Strengthening Our Security: A New International Standard on Trade-Based Money Laundering Is Needed Now

By Delston, Ross S.; Walls, Stephen C. | Case Western Reserve Journal of International Law, Winter 2012 | Go to article overview

Strengthening Our Security: A New International Standard on Trade-Based Money Laundering Is Needed Now


Delston, Ross S., Walls, Stephen C., Case Western Reserve Journal of International Law


Recently, the Financial Action Task Force (FATF) missed an opportunity to address trade-based money laundering (TBML) in its International Standards on Combating Money Laundering and the Financing of Terrorism & Proliferation, known as the Forty Recommendations. In mid-February 2012, the FATF incorporated the Nine Special Recommendations on Terrorist Financing into its Forty Recommendations, yet chose not to revise the Forty Recommendations to specifically address TBML. Despite the serious and growing concern within the AML/CFT field and FATF over the widespread abuse of the international trade system to legitimize the proceeds of crime and finance terrorist activities, and the demonstrated ability of FATF to identify and respond to evolving money laundering typologies, TBML remains the only major avenue of money laundering that the FATF Forty Recommendations have not explicitly addressed. Because of the need for international action on TBML that reaches beyond banks, this article therefore proposes language for a new 41st Recommendation.

 I. BACKGROUND
    A. TBML Is Widely Regarded as a Global Threat
    B. Legally Binding U.N. Conventions on International Crime and
       Corruption Require Action on TBML
    C. FATF Missed Opportunities to Address TBML in 1996, 2003 and
       2012
II. WHY EXISTING U.S. AND INTERNATIONAL APPROACHES ARE
    NECESSARY BUT NOT SUFFICIENT
    A. Enhanced Inspections Are Critical but Impractical as a
       Comprehensive Solution
    B. Trade Transparency Units Are Valuable, but Currently Cannot
        Generate Enough Information to Deter TBML
III. THE LANGUAGE OF A 41ST RECOMMENDATION ON TBML
 IV. CONCLUSION

I. BACKGROUND

A. TBML Is Widely Regarded as a Global Threat

Estimates for the amount of money laundering through the abuse of the international trade system range from $5 billion for Colombia alone (1) to "hundreds of billions" worldwide. (2) Trade-based money laundering (TBML) has been identified as a major issue in the popular press for almost twenty years, (3) and has received significant attention in both the U.S. Congress and the Executive Branch since at least the late 1990s. (4) The Financial Action Task Force (FATF) first took note of TBML as a major avenue of money laundering in 2006 in its Report entitled Trade Based Money Laundering. (5)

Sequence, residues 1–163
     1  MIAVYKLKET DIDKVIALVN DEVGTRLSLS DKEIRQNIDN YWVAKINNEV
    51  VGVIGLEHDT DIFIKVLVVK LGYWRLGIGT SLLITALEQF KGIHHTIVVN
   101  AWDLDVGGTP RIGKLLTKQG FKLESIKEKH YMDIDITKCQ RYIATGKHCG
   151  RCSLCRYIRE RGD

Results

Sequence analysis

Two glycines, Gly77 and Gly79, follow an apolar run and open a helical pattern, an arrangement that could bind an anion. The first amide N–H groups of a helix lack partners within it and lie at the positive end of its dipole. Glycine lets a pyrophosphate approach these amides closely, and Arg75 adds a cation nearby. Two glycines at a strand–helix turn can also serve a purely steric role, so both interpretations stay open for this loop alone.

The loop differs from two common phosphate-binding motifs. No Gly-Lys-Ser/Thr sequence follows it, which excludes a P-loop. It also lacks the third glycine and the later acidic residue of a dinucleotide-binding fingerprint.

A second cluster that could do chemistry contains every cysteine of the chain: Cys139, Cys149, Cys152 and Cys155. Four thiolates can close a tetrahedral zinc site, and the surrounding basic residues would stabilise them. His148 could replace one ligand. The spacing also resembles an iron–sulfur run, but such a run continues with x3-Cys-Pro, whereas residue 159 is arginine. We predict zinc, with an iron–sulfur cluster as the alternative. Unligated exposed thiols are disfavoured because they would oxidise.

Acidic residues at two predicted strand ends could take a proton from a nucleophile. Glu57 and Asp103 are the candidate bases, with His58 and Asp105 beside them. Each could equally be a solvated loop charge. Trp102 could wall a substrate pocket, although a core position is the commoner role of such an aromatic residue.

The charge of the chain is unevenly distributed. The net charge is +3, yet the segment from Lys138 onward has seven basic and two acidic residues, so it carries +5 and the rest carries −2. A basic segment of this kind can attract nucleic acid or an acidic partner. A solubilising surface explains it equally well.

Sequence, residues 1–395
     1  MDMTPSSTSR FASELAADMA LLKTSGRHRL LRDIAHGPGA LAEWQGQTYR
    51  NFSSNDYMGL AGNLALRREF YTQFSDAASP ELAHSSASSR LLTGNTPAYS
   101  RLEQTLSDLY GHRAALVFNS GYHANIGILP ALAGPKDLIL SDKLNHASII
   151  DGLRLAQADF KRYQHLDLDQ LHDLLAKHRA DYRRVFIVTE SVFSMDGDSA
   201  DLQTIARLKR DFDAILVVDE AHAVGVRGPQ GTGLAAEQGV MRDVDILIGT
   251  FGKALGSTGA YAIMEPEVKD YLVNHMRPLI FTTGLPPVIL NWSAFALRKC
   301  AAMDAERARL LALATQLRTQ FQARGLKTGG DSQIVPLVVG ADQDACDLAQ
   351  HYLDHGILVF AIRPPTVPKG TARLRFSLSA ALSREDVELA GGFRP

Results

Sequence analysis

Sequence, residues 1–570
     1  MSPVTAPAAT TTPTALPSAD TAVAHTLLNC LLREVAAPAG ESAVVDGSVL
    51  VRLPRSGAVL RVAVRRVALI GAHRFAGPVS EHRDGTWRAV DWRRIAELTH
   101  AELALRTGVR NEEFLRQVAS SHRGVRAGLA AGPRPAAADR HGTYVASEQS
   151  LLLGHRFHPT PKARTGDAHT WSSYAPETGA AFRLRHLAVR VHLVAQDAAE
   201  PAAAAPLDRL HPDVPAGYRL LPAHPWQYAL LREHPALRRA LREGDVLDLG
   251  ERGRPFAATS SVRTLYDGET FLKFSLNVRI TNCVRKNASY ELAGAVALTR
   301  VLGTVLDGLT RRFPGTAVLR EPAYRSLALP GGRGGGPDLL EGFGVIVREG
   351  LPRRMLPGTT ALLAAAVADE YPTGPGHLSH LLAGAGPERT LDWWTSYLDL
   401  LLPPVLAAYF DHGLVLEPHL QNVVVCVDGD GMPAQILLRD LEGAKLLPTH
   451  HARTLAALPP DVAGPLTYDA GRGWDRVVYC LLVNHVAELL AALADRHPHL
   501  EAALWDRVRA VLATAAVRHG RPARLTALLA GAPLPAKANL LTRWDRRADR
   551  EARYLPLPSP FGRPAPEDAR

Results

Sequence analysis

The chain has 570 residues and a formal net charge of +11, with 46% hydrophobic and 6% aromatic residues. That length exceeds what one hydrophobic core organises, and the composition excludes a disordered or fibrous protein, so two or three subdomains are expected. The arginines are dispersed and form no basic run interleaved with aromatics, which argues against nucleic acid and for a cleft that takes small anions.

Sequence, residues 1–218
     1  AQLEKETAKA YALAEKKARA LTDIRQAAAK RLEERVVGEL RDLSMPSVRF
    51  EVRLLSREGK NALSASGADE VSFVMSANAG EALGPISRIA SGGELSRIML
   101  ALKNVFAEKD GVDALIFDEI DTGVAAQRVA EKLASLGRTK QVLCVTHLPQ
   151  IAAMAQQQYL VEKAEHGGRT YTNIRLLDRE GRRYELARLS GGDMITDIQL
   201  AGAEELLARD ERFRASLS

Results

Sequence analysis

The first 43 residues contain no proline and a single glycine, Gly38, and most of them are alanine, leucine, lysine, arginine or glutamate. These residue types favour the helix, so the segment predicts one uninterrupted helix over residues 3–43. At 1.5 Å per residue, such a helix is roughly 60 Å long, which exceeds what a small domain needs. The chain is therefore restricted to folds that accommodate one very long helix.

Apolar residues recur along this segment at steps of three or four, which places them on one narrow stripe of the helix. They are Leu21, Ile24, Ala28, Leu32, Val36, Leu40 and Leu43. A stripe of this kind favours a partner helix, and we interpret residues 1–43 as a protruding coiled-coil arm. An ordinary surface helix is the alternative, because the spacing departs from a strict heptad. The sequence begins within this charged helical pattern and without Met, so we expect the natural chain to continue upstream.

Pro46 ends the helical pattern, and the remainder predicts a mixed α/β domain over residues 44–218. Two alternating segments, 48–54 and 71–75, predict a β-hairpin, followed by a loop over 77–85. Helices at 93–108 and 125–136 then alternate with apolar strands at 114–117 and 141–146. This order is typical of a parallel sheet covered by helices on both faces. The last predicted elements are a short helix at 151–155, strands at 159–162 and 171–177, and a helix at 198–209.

TBML not only threatens legitimate businesses in both the developed and developing world by undermining legal import and export operations, (6) it also impacts one of the largest sources of income for many developing countries--customs duties. (7) Beyond the threats to legitimate businesses, economic development and the rule of law, the U.S. State Department and U.S. Treasury Department have directly linked TBML schemes with Hezbollah, (8) the Afghanistan drug trade, (9) and al-Qaeda. (10)

Despite recognition of the widespread abuse of the international trade system to legitimize the proceeds of crime and finance terrorist activities, and the demonstrated ability of FATF to respond to evolving money laundering typologies, (11) TBML remains the only one of three main avenues of money laundering (12) that has not been addressed by specific language in the FATF Forty Recommendations.

B. Legally Binding U.N. Conventions on International Crime and Corruption Require Action on TBML

A December 2009 report from the U.N. Office on Drugs and Crime (UNODC), which analyzed the requirements of international instruments addressing money laundering, found that, although neither relevant U.N. conventions nor the Forty Recommendations contain an "express obligation" to address TBML, TBML does fit under the broad obligations to combat money laundering contained in those conventions. (13) The report states "to properly investigate money-laundering ... the money-laundering offence needs to be defined broadly to include trade-based money-laundering schemes" and goes on to say that:

   [T]he Organized Crime Convention, the Convention Against Corruption
   and the FATF recommendations require countries to identify,
   investigate and prosecute trade-based money laundering schemes,
   through both the monitoring of financial transactions and sharing
   of relevant trade data, [although] the provisions of the two
   conventions and the FATF recommendations are rather general and
   give Member States little guidance on how best to implement their
   obligations. … 

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